Battle of Britain
10 July - 31 October 1940

The Battle of Britain was primarily the fighting between the British Royal Air Force (RAF) and the German Luftwaffe during the air offensive waged by Germany against the United Kingdom in the second half of 1940.

Operation Sea Lion

In June 1940, France was defeated, but Britain refused any agreement with Nazi Germany. Therefore, Hitler ordered his generals to conceive a plan for an invasion of Britain, which received the code-name Operation Sea Lion.

However, first and foremost, the Luftwaffe had to win air superiority at the expense of the Royal Air Force, to protect the invasion forces from British planes and the feared Royal Navy.

The Luftwaffe's strengths before the battle were the numerical superiority and experience of the German pilots. The main German fighter was Messerschmidt Bf 109 - an aircraft with an excellent rate of climb, able to enter into a steep dive due to its injection engine, but with a limited range over the British territory.

The British air defense system was then most sophisticated in the world. Beyond radars and the Dowding system, an advanced feature was that the RAF planes were emitting automatically radio signals for identifying (IFF), so they can be differentiated on radar from enemy aircraft.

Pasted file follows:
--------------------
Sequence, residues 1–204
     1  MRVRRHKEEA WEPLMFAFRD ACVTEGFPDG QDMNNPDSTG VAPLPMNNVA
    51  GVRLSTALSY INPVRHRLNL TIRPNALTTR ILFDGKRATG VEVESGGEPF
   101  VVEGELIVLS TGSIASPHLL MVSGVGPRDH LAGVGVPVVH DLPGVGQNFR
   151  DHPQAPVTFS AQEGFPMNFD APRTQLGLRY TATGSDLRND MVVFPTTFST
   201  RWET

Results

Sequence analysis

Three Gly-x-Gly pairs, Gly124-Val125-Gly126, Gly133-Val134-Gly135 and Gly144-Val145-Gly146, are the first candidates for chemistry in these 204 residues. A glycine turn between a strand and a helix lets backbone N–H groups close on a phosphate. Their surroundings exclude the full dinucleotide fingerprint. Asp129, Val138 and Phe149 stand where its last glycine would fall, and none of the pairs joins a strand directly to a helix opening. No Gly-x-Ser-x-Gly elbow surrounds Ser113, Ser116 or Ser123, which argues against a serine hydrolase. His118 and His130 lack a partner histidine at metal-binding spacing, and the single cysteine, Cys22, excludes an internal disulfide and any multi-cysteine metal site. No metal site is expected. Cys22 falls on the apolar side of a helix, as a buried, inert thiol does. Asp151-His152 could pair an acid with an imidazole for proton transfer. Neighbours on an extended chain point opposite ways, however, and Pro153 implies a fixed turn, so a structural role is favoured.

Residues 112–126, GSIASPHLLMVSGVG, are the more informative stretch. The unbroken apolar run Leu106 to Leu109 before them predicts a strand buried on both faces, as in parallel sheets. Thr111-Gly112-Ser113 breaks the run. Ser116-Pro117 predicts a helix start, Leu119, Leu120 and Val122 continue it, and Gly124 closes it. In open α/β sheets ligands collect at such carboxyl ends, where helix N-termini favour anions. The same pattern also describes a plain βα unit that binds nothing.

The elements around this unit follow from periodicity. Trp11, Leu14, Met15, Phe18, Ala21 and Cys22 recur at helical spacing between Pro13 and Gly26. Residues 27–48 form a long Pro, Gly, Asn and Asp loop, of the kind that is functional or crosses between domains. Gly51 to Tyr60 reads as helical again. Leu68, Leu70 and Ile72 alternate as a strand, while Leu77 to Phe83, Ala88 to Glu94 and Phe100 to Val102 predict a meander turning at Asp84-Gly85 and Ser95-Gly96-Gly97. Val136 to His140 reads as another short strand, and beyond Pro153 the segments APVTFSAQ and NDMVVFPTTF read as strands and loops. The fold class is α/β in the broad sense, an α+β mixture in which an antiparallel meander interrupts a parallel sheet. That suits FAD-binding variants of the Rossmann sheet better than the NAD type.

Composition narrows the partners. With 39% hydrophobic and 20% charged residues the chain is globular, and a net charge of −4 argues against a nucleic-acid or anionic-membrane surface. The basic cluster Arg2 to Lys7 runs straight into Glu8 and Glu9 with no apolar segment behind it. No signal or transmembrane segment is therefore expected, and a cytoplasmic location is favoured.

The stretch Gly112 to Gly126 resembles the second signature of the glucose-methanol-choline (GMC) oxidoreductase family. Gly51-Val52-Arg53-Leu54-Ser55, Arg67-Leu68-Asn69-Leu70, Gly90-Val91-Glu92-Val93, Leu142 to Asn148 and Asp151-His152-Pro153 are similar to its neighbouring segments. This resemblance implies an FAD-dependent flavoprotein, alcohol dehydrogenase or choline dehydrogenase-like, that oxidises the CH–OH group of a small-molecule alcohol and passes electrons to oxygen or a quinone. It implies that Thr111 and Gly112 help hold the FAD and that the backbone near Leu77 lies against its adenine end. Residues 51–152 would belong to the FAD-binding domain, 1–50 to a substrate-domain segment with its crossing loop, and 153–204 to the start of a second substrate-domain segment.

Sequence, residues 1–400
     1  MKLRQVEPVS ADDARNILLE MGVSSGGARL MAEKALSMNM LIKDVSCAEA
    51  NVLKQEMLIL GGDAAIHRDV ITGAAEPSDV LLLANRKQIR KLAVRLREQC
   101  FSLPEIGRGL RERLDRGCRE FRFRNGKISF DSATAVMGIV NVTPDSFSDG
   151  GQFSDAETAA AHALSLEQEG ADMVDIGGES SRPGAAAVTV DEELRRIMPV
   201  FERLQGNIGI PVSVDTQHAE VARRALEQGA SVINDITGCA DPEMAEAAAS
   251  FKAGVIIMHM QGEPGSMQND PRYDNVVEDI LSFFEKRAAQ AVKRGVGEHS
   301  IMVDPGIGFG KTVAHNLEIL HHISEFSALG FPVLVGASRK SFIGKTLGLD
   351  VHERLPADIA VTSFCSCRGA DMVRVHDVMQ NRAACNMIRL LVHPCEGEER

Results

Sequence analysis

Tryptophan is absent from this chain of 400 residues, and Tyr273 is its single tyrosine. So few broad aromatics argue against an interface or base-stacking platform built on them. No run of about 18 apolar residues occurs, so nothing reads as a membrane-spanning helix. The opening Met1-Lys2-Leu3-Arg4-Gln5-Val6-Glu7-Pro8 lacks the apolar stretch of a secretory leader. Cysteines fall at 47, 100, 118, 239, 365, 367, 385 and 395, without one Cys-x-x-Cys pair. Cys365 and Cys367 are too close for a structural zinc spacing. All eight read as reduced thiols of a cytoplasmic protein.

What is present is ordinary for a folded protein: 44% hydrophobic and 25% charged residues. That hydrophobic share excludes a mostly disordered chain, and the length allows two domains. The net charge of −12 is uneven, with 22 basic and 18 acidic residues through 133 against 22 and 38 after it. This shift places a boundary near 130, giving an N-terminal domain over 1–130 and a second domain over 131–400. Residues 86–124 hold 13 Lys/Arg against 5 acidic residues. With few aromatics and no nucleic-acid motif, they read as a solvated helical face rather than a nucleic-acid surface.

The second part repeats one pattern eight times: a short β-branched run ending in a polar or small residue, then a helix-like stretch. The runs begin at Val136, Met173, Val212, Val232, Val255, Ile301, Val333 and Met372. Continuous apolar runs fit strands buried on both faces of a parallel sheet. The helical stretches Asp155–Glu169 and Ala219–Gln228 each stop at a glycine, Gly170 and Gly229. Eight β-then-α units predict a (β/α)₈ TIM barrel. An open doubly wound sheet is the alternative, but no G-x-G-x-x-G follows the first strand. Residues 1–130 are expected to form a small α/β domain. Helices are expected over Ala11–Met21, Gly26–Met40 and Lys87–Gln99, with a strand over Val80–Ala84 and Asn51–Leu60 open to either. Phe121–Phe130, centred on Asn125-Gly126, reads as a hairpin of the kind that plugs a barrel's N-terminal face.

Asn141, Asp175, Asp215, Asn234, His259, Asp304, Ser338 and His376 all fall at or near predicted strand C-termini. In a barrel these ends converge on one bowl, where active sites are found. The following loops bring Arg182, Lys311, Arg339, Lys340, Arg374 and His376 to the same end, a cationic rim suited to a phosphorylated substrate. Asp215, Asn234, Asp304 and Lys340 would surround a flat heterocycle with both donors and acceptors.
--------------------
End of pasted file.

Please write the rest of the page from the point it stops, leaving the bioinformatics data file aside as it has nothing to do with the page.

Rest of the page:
Most RAF fighter squadrons were equipped with the sturdy Hawker Hurricane and fewer with the faster Supermarine Spitfire. Both British fighters had the benefit of a shorter turning circle than Bf 109, but their carbureted engines did not allow entering in a lightning dive like the Messerschmidt.

Eagle Day

The first stage of the campaign waged by the Germans began in July 1940, when the Luftwaffe attacked convoys in the English Channel to draw the RAF fighters into the battle. As a result, daytime naval traffic through the English Channel was paralyzed.

On August 13, the Germans commenced an operation intended to be decisive against the RAF, code-named  Adlerangriff ("Eagle Attack"), attacking several radar stations in southern England. However, the results were far below expectations, most of the radar stations being soon functional again.

Then the Luftwaffe began to focus on attacking the airfields, which brought hard times for the RAF Fighter Command. The British losses of pilots and aircraft, as well as the destruction of the airfields infrastructure, had become problematic.

Luftwaffe's Failure in the Battle of Britain

However, a bombardment executed by the RAF on Berlin triggered Hitler's anger, who demanded bombing London for retaliation. The Germans changed their strategy, focusing on London and other cities, but this allowed the RAF to recover.

On September 15, which was named the Battle of Britain Day, the large number of British fighters defending the London's sky was probably a shock to the German pilots who did not expect that their opponents to have yet so many pilots and planes.

Following massive losses suffered in daytime raids, the Germans would limit in the next few months at night raids on the British cities, a campaign known as "the Blitz." The Luftwaffe's inability to prevail over the RAF meant postponing indefinitely Operation Sea Lion, being considered the first defeat of Germany in World War 2.

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